Article Text

other Versions

PDF
Epigenetics and environmental exposures
  1. Richard A Stein
  1. Correspondence to Dr Richard A Stein, Department of Molecular Biology, Lewis Thomas Lab 320, Princeton University, Princeton, NJ 08544, USA; ras2{at}princeton.edu

Abstract

It is becoming increasingly apparent that genetic factors are inadequate to fully explain many processes that shape development and disease. For example, monozygotic twin pairs, despite sharing identical DNA sequences, are often discordant for many traits and diseases, indicating that the same genotype can give rise to distinct phenotypes. This points towards the involvement of additional factors that cannot be explained solely by the sequence of the genome. Epigenetic modifications, defined as heritable changes that do not alter the nucleotide sequence, emerge as key factors that regulate chromatin structure and gene expression and, together with genetic factors, provide the mechanistic basis to understand the biological effects of various classes of environmental exposures. Epigenetic mechanisms explain the ability of certain chemical compounds to initiate biological perturbations that can lead to malignancy, despite being weak mutagens or lacking mutagenic activity altogether—a view that challenges old beliefs and opens new avenues in public health. The field of epigenetics also explains the causal link between certain infectious diseases and cancer, a relationship that was first observed over a century ago and was initially discounted, then fell into oblivion and more recently re-emerged as an important concept in biology. A key feature that distinguishes epigenetic modifications from genetic changes is their reversible nature. This provides exciting prophylactic and therapeutic perspectives, some of which already materialised with the approval of the first drugs that modulate the epigenetic machinery, reinforcing the idea that our genes are not our destiny.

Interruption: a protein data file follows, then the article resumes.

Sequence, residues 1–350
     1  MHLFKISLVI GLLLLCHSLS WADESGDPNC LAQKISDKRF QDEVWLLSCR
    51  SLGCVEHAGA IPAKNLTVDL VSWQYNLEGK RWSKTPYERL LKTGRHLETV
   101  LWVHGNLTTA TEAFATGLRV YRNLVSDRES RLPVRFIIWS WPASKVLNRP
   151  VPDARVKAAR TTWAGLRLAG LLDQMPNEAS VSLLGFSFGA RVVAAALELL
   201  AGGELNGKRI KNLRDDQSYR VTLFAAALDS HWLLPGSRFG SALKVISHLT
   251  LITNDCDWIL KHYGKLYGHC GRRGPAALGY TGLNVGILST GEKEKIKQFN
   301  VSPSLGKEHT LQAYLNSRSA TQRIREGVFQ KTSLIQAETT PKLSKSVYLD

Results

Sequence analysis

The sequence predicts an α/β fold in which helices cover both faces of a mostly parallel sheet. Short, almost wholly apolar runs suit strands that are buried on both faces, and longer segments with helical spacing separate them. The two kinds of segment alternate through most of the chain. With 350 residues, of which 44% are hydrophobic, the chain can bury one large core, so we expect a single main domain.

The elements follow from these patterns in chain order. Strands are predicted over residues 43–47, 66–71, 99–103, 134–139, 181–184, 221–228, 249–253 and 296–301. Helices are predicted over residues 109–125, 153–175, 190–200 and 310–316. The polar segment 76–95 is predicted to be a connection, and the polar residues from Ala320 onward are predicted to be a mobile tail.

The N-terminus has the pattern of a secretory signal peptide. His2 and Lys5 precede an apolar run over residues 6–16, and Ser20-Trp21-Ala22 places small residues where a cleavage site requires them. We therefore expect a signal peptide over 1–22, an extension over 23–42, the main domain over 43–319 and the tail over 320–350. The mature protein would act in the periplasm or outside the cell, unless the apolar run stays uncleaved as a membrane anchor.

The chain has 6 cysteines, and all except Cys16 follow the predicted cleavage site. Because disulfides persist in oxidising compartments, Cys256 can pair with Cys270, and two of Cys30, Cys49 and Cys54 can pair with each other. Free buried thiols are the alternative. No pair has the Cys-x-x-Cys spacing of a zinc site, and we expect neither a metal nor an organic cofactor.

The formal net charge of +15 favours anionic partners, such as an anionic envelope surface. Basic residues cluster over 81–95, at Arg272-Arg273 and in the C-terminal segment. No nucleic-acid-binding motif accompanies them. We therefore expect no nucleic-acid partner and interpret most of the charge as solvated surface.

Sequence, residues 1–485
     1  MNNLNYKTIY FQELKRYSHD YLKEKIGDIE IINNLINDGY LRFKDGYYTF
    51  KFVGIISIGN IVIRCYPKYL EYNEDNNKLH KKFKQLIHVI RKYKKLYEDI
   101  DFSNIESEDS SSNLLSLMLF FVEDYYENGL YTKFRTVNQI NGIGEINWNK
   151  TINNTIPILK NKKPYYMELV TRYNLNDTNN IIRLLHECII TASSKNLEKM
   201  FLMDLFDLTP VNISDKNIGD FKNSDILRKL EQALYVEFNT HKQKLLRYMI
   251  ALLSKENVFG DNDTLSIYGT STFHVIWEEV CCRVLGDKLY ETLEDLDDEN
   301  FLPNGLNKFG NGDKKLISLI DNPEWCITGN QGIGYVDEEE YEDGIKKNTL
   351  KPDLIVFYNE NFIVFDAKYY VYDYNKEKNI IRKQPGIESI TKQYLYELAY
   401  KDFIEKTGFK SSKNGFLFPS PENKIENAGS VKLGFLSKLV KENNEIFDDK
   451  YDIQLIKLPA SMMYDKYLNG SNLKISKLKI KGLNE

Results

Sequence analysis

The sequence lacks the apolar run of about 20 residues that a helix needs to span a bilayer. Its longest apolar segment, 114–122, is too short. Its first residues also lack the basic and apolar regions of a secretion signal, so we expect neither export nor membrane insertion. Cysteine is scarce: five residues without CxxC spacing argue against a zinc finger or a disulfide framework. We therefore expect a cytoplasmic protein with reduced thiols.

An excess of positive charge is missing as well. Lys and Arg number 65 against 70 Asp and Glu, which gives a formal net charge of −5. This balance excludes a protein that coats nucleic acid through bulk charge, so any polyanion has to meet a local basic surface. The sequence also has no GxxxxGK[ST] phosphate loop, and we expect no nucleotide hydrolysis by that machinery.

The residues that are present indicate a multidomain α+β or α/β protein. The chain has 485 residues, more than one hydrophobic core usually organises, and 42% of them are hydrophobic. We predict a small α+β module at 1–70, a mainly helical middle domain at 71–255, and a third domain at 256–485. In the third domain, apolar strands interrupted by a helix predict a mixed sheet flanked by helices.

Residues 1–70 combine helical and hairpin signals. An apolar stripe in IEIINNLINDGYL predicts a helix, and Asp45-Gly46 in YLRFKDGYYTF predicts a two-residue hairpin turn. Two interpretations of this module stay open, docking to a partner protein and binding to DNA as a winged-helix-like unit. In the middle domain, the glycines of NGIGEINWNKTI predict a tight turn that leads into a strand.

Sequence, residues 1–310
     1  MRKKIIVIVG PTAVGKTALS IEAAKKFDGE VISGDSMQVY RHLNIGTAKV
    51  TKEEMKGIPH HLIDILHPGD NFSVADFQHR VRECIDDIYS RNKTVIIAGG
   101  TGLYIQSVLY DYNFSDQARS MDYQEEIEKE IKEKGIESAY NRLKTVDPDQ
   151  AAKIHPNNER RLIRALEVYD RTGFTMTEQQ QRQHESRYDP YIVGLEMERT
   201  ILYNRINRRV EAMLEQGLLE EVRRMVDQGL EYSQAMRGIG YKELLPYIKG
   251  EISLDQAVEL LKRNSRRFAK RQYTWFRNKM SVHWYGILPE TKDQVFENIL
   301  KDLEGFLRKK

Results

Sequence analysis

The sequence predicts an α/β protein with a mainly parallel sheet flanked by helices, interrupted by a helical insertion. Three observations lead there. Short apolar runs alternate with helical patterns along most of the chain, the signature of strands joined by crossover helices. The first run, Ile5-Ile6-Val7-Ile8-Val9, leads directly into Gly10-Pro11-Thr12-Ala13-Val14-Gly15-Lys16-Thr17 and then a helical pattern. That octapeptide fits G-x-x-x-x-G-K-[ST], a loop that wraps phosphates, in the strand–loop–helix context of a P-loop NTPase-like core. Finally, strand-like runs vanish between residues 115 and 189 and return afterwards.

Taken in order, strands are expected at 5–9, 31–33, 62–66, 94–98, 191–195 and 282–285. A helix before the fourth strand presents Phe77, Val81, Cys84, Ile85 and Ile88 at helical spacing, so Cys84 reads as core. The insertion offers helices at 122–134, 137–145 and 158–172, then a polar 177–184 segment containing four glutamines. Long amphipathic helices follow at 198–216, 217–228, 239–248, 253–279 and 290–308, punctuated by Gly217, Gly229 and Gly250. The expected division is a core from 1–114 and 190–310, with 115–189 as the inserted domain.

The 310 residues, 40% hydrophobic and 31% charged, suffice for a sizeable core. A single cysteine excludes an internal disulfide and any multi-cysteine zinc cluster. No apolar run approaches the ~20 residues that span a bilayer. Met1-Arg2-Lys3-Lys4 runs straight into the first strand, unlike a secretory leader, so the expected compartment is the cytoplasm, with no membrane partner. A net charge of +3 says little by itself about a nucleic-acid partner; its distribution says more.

• Epigenetics
  • environmental exposures
  • endocrine disruptors
  • infectious diseases
  • chromatin organisation
  • gene expression
  • endocrinology
  • environmental health
  • medicine
  • occupational

Statistics from Altmetric.com

Footnotes

  • Provenance and peer review Commissioned; externally peer reviewed.

Request permissions

If you wish to reuse any or all of this article please use the link below which will take you to the Copyright Clearance Center’s RightsLink service. You will be able to get a quick price and instant permission to reuse the content in many different ways.